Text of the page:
KNOCK AND KNOWALL
It's only knock and knowall but we like it
When Founding Yes singer Jon Anderson announced the forthcoming release of of his fourteenth solo album 1000 Hands —Chapter One-- I was bemused, at best. Of the dozens of solo albums released by the various members of Yes [hundreds if you include keyboardist Rick Wakeman's catalog] only a couple are worthy of the band's best work.
Jon Anderson's first solo album Olias of Sunhillow  was written, composed sung, played and produced by Anderson by himself. He spent countless hours out in a barn teaching himself to play a myriad of instruments and recording multiple overdubs of his unique high tenor voice. The result was stunning.
In and out of Yes, throughout Anderson's spotty solo career, Anderson became increasingly less inspired and, frankly, lazy when it came to making albums, preferring to solicit completed music tracks from other musicians, both known and unknown. He would take these tracks and warble nonsensical hippy-dippy platitudes over them, exposing a voice weakened by the acute respiratory failure he barely survived in 2008, just prior to a planned Yes 40th anniversary tour.
Much to his chagrin, Yes replaced Anderson with a stand-in and he has been an exile from the band he founded ever since. Well, sort of. Over their fifty years of existence, Yes has had over thirty-five different members pass through the ranks so it's not too difficult put together another version of Yes [or twelve] from among the remaining cardholders. Read more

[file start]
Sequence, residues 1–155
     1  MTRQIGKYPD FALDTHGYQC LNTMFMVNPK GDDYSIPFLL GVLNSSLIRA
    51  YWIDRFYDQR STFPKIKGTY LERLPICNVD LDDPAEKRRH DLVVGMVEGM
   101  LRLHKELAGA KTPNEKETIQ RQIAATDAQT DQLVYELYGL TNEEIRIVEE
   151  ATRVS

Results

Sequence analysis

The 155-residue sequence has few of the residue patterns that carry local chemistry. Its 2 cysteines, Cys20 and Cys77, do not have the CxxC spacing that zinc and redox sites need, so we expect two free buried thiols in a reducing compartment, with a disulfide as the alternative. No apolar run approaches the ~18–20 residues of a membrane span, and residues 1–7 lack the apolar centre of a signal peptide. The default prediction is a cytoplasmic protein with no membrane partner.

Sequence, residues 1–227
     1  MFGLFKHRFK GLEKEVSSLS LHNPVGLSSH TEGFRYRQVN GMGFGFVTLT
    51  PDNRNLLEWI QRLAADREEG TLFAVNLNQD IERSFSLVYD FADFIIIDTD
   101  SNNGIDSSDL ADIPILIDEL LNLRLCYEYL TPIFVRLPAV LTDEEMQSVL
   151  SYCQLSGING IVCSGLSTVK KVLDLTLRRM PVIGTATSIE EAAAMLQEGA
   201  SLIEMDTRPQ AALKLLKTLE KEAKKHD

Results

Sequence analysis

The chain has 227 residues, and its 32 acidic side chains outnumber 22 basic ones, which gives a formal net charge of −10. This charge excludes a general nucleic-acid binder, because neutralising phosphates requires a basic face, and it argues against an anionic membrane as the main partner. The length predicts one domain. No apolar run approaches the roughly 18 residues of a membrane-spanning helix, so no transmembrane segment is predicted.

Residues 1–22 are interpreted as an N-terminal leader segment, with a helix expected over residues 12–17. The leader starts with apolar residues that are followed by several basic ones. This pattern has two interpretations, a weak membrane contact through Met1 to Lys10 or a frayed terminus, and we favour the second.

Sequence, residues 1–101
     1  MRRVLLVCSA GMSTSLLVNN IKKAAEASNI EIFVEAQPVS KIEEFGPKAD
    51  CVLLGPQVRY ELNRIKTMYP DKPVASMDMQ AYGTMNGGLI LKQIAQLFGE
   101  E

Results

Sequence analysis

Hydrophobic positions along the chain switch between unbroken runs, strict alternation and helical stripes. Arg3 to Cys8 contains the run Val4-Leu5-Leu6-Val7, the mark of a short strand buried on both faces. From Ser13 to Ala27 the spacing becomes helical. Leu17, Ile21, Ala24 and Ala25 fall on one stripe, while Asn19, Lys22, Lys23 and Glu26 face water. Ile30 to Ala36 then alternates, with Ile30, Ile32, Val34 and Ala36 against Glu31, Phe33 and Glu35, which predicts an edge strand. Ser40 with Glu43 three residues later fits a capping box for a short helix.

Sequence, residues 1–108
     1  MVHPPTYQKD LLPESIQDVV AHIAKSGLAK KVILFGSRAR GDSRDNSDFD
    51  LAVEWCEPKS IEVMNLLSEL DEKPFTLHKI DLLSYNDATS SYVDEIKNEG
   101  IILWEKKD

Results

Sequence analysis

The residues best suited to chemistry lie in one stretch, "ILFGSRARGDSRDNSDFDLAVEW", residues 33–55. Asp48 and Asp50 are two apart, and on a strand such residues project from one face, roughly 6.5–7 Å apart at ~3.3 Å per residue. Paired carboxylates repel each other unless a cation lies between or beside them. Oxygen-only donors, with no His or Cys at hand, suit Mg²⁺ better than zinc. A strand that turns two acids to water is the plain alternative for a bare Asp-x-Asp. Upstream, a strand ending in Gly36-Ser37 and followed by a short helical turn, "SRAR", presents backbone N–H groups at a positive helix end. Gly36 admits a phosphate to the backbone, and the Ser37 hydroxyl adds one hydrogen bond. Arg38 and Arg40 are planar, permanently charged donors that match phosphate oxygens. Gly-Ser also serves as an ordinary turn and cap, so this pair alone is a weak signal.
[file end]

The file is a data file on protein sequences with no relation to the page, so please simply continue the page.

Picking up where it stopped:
Book Review: The Sentence Is Death by Anthony Horowitz
Book review by Eric Sandberg
Anthony Horowitz is a clever Dick...err, Tony. His name made its first attempt at penetrating my hardened transom some years ago as it appeared on my television screen as the writer of various TV episodes of Poirot and Midsomer Murders (this was before opening credits meant one last peek at Facebook before a grisly murder occurs).
It wasn't until Foyle's War, a show I looked forward to as much as a new series of Inspector Lewis, that the name Anthony Horowitz achieved a foothold in my addled pate. Even then I was more in awe of the remarkable performance of Michael Kitchen than I was of the writer putting words in his mouth.
The first book I purchased by Horowitz was not for myself, but for my father, who is a fan of Foyle's War and, as a young man, loved reading Ian Fleming's James Bond. As Trigger Mortis promised to contain original material by Fleming and was written in the style of the original novels (no futuristic gadgets or metal-mouthed giants chomping on tram cables), I thought he would enjoy it, and he very much did.
A few years ago, I heard a radio interview with Horowitz who was describing the plot of his then forthcoming novel The Magpie Murders. A book editor becomes embroiled in the murder of her most popular writer while clues abound as to the identity of the killer in the victim's final, yet to be published manuscript. A book within a book. That was enough for me. Read more